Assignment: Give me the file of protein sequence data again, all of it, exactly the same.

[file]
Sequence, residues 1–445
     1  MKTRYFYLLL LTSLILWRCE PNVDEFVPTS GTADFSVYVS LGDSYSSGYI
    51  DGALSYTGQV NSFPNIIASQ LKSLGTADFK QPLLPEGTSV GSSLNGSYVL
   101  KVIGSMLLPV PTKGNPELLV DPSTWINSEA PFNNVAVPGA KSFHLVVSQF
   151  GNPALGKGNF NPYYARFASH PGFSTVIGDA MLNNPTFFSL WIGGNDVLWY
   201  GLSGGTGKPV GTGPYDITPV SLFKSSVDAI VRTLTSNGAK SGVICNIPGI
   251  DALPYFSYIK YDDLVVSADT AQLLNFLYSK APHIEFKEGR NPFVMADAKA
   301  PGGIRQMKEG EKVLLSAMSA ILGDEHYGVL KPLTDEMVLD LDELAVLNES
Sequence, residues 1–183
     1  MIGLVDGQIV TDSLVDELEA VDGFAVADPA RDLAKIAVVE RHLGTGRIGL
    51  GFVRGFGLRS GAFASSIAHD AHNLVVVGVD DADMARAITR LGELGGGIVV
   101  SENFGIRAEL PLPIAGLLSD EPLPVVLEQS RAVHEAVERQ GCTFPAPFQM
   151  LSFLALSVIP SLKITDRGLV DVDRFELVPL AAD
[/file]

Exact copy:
Sequence, residues 1–445
     1  MKTRYFYLLL LTSLILWRCE PNVDEFVPTS GTADFSVYVS LGDSYSSGYI
    51  DGALSYTGQV NSFPNIIASQ LKSLGTADFK QPLLPEGTSV GSSLNGSYVL
   101  KVIGSMLLPV PTKGNPELLV DPSTWINSEA PFNNVAVPGA KSFHLVVSQF
   151  GNPALGKGNF NPYYARFASH PGFSTVIGDA MLNNPTFFSL WIGGNDVLWY
   201  GLSGGTGKPV GTGPYDITPV SLFKSSVDAI VRTLTSNGAK SGVICNIPGI
   251  DALPYFSYIK YDDLVVSADT AQLLNFLYSK APHIEFKEGR NPFVMADAKA
   301  PGGIRQMKEG EKVLLSAMSA ILGDEHYGVL KPLTDEMVLD LDELAVLNES
Sequence, residues 1–183
     1  MIGLVDGQIV TDSLVDELEA VDGFAVADPA RDLAKIAVVE RHLGTGRIGL
    51  GFVRGFGLRS GAFASSIAHD AHNLVVVGVD DADMARAITR LGELGGGIVV
   101  SENFGIRAEL PLPIAGLLSD EPLPVVLEQS RAVHEAVERQ GCTFPAPFQM
   151  LSFLALSVIP SLKITDRGLV DVDRFELVPL AAD